FDA’s Draft Guidance for Industry Seeks to Answer Questions on Biosimilar Interchangeability
FDA has published new draft guidance for industry titled “Biosimilarity and Interchangeability: Additional Draft Q&As on Biosimilar Development and the BPCI Act.”
The draft guidance supplements two prior documents concerning biosimilar interchangeability published in December 2018. This new guidance, in particular, has some useful information for prospective applicants who seek licensure of an “interchangeable” biosimilar product.
The BPCI Act created an abbreviated licensure pathway under § 351(k) of the Public Health Service Act (PHS Act) for biological products shown to be “biosimilar” to, or “interchangeable” with, an FDA-licensed biological reference product. Specifically, an applicant who seeks to demonstrate “interchangeability” needs to show “biosimilarity” plus the additional requirements under § 351(k)(4) of the PHS Act. In turn, interchangeable products may be substituted for the reference product without the intervention of the prescribing healthcare provider. See PHS Act § 351(i)(3).
FDA’s recent guidance addresses a situation where a BLA submitted under § 351(k) for “interchangeability” does not contain data and information sufficient to support licensure of the product as an interchangeable biosimilar, but does contain data and information sufficient to support licensure as a biosimilar. In this circumstance, some applicants may still want their product to receive licensure for biosimilarity.
The draft guidance states that “FDA intends to split the application for administrative purposes,” which would allow FDA to take separate actions. Draft Guidance at 5. FDA could license the product as a biosimilar product and convey in a complete response letter any deficiencies in the application for licensure as an interchangeable biosimilar. Id. FDA could later decide interchangeability upon submission of supplemental data and information. Id.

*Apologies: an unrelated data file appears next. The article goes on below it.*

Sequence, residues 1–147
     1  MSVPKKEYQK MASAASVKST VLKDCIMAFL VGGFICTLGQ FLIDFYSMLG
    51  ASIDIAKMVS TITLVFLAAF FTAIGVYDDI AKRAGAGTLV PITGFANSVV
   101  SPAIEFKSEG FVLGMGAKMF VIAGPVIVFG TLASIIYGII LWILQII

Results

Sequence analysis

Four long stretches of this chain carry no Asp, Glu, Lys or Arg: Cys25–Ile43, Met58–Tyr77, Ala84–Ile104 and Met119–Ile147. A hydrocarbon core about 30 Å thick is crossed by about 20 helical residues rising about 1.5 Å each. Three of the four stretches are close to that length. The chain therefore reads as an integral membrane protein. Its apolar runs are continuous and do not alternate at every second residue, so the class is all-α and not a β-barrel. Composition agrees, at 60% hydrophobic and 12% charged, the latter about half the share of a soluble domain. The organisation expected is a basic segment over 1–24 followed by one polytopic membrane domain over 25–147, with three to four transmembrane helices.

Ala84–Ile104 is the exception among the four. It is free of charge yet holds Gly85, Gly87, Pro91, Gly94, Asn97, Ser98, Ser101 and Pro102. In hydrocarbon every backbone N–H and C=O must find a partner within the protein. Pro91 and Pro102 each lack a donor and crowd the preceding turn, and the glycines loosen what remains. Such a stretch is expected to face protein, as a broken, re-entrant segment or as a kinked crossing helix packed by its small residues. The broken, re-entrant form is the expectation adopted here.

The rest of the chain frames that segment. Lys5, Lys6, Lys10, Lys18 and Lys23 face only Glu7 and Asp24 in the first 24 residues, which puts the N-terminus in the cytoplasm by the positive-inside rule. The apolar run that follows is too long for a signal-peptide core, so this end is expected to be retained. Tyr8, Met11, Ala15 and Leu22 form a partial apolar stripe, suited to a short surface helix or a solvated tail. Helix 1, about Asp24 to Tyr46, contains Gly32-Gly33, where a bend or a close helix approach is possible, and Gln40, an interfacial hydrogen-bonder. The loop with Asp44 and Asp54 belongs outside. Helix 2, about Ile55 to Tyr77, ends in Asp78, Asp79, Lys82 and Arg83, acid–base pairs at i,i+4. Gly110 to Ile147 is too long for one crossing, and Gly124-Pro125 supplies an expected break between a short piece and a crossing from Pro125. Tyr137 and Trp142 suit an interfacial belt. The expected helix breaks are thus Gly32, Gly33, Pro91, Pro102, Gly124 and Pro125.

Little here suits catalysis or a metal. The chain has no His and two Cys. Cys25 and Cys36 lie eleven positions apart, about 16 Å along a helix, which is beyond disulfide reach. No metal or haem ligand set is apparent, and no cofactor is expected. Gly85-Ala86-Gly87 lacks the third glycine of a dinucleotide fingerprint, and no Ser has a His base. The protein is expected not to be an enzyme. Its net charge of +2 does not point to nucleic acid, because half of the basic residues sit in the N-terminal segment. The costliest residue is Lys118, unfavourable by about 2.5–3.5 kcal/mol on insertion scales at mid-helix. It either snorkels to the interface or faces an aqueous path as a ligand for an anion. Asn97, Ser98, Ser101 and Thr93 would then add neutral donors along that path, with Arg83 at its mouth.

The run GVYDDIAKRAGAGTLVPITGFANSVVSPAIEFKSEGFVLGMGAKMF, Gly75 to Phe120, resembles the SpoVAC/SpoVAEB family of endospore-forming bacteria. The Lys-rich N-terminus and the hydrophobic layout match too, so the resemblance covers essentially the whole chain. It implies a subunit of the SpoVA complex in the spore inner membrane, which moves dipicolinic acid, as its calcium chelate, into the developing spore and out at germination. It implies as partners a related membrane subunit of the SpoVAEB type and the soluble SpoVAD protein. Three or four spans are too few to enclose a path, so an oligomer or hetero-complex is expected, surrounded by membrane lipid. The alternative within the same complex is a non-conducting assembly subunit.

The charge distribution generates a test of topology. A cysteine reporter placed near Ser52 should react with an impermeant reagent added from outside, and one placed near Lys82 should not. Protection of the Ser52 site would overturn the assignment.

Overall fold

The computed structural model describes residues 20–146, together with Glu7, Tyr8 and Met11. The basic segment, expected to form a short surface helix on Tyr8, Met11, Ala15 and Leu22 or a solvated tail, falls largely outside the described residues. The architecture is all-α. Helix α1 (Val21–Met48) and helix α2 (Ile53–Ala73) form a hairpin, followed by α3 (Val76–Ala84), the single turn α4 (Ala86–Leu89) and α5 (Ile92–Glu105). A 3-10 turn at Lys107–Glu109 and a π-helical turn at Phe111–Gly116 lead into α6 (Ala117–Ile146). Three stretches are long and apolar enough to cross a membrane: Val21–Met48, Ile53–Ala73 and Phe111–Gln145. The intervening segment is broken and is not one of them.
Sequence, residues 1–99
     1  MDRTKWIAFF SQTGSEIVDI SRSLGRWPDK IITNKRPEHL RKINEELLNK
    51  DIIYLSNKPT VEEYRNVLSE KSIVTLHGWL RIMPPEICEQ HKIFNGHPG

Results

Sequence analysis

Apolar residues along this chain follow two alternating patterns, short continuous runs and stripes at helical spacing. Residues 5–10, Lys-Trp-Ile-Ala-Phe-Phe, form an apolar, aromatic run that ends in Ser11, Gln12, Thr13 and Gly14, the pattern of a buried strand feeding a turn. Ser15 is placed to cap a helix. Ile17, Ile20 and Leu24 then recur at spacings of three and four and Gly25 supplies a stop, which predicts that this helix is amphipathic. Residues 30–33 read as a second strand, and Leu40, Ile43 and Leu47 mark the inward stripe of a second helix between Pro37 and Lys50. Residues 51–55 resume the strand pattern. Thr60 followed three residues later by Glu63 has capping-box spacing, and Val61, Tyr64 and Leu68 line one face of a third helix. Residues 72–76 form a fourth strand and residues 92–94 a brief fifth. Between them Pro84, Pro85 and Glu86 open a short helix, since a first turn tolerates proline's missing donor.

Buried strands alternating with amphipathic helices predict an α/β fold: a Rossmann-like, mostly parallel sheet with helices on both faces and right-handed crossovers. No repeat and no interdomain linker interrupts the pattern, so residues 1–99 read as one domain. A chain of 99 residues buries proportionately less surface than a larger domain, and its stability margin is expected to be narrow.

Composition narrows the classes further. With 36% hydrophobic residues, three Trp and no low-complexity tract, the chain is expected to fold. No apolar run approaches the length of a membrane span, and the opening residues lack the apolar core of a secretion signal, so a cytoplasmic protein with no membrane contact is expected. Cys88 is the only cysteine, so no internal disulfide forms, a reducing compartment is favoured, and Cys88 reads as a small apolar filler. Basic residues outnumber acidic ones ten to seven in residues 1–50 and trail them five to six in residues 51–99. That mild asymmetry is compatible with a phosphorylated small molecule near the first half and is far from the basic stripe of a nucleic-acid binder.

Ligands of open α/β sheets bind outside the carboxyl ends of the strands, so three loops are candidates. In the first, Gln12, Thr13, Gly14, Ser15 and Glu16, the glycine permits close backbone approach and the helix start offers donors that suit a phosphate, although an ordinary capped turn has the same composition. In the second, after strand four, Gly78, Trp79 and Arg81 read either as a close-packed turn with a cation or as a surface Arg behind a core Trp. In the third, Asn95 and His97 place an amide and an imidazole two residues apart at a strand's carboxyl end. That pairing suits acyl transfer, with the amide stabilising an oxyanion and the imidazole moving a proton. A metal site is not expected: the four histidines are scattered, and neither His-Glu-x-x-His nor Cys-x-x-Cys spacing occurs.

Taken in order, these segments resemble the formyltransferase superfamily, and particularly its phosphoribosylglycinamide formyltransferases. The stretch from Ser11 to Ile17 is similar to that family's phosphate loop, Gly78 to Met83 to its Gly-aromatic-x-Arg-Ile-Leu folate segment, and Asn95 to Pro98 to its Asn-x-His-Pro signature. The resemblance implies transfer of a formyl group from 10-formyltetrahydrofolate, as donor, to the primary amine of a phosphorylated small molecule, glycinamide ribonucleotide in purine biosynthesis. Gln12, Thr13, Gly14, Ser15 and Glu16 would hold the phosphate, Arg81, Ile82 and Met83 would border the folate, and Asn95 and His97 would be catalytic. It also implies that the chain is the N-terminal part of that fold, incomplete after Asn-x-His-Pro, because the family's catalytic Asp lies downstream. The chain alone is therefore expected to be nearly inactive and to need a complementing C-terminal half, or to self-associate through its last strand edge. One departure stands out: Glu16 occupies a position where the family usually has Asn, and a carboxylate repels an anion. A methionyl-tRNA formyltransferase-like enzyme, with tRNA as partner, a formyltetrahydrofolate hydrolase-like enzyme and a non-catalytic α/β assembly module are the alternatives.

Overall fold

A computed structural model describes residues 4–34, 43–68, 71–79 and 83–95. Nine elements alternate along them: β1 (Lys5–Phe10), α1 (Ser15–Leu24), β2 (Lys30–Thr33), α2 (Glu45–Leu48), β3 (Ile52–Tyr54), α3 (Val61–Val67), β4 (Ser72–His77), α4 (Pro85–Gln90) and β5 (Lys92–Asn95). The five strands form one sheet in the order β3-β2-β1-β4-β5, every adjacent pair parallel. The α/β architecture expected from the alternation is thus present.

However, if the BLA applicant does not want FDA to make a determination on biosimilarity, the draft guidance explains that the applicant may indicate that the review is only for interchangeability. Id. In this situation, an FDA complete response letter may still include deficiencies pertaining to a demonstration of biosimilarity (because it is a condition required for interchangeability), but it would not address whether the application was sufficient to support a demonstration of licensure as a biosimilar product alone. Id.
Another question the draft guidance seeks to address is what happens if a § 351(a) BLA holder of a licensed biological product would like to show that the same product is biosimilar to, or interchangeable with, another licensed biological product, i.e., another reference product.
The draft guidance explains that the § 351(a) BLA holder would need to submit an original application for licensure under § 351(k) with data and information showing biosimilarity to, or interchangeability with, a reference product. Id. at 6. However, the applicant may use relevant data and information from the applicant’s own § 351(a) BLA. Id. at 7. The § 351(a) BLA holder does not need to seek revocation of its § 351(a) license in order to proceed with the § 351(k) application. Id. In addition, the § 351(a) BLA holder may continue to market its product while the § 351(k) application is pending and even after it receives licensure under § 351(k). Id.
Finally, with respect to the labeling of interchangeable biosimilars, the draft guidance recommends that relevant data and information, including safety and efficacy data, from the reference product labeling should be included. Id. While the labeling should include a statement of interchangeability with the reference product (id. at 9), FDA advises against including data and information that demonstrates interchangeability. Id at 7. Further, it may be appropriate for interchangeable biosimilar labeling to deviate from that of the reference product to the extent an applicant sought licensure for fewer than all of the reference product’s licensed conditions of use. Id. at 8.
FDA intends to provide any additional recommendations for interchangeable biosimilar labeling in future guidance. Id. at 9.
 See Guidance for Industry, “Questions and Answers on Biosimilar Development and the BPCI Act” (Revision 1, Dec. 2018); Draft Guidance for Industry, “New and Revised Draft Q&As on Biosimilar Development and the BPCI Act” (Revision 2, Dec. 2018).